The next day we managed to get through the 10:00 a.m. traffic flow through the construction zone with no delays. The Giant Forest Museum in Sequoia National Park was our first stop where we listened to a ranger talk about the sequoias. Inside the museum, he had planted a couple of seeds, which had sprouted into tiny seedlings. It was difficult to imagine how those seedlings could grow to the size of The Sentinel that stood outside of the museum.
Capturing the Sentinel from base to crown was a challenge even though it ranked #42 in the Wikipedia list of the largest sequoia trees.
Our next stop was Moro Rock where we climbed up 350 steps to an overlook. I could have stayed there half a day gawking at the views of the High Sierras, the valley below, and the road leading to and from the Lemon Cove.
Tunnel Tree was our next stop.
A short drive from Tunnel Tree was Crescent Meadow where there were plenty of picnic tables. Unfortunately, the insects were so fierce we ate in the cab of the truck. I braved the onslaught of flying pests long enough to fast walk to the meadow and grab a few shots.
Back on Generals Highway, we continued to the Sherman Tree trail. Parking close to the tree is only available for wheelchair accessible parking. Everyone else needs to follow the signs up the hill and then take the ½-mile downhill trail consisting of steps, ramps, and places to stop and rest.
General Sherman, considered the largest tree in the world, tops out at a height of 274.9 feet, has a circumference of 102.6 feet, a diameter of 32.7 feet, and bole (trunk) volume of 52.508 cubic feet.
Taking a selfie with the tree required a long wait while a group of six guys and gals took photo after photo of each other. They took close-ups, far away shots, this person, then that person, one couple and then another couple, turn to the left, turn to the right, and oh, don’t forget to stretch out your arms. Eventually, we had a chance to stand near the tree.
Sherman’s healing fire scar.
Don’t forget to look up once in a while. It’s a way to see the forest in a whole new light.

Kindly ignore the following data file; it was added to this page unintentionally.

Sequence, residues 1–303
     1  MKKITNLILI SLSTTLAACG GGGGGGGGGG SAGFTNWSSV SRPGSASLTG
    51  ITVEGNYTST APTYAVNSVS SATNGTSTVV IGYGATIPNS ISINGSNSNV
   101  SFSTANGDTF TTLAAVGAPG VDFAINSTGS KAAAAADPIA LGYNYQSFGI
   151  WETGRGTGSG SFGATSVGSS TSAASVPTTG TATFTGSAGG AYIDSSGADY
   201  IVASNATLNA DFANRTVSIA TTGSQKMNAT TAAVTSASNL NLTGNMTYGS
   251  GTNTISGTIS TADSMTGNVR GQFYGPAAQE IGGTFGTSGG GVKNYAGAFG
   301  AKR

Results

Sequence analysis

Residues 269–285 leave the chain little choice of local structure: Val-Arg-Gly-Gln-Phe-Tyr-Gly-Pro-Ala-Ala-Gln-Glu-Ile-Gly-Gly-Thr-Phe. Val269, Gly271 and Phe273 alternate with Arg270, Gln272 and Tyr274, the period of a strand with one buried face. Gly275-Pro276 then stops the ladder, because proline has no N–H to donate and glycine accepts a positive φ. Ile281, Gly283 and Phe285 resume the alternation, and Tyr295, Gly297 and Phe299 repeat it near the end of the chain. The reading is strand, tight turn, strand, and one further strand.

Walking up the trail back to our truck did us both in at the end of the day. We skipped the Big Tree Trail on our way out of the park and headed toward Lemon Cove for our last night of our 2017 Fall Tour.
As we waited in line for the construction crew to finish up for the day and release the traffic, we reminisced about all the places we had traveled and all that we had seen. Utah gave us the hoodoos in Bryce Canyon National Park, colorful cliffs in Kodachrome State Park, a rushing river, and steep cliffs in Zion National Park.
We walked where dinosaurs once roamed and gazed at Coral Pink Sand Dunes. The drive into Arizona to the North Rim of the Grand Canyon took us through meadows and gave us a glimpse of the Kachina Peaks Wilderness, including Humphreys’ Peak, from the North Rim of the Grand Canyon and close up in Flagstaff from the observatory.
Prescott, Arizona, offered us trails to hike, rocks to climb, and introduced us to Sharlot Hall. California gave us trails among the Cholla, Joshua trees, and jumbo rocks in Joshua Tree National Monument and the Giant Sequoias in Sequoia and Kings Canyon National Park.
Moro Rock from the road
Here’s a Mystery Tree. Can anyone identify?
After our white-knuckle ride back to Lemon Grove, we stopped for gas and took photos of some of the old buildings in this tiny town.
These buildings could use some tender care to restore them to their previous beauty. The name Victor Allred is barely visible on the one building expressing pride to be the owner of the enterprise that once occupied the space. When did businesses cease to use the owner’s name? It seems now most businesses make up words or some kind of catchy acronym to name their businesses.
After 33 days, we were ready to head home on October 27, 2017. It was time to enjoy the holidays and recharge for our 2018 Winter Tour.
Our main destination for our next tour is Galveston, Texas, for our niece’s wedding. We haven’t quite worked out which route to take or what we will see along the way. Where will we go after the wedding? Who knows which direction the wind will blow us.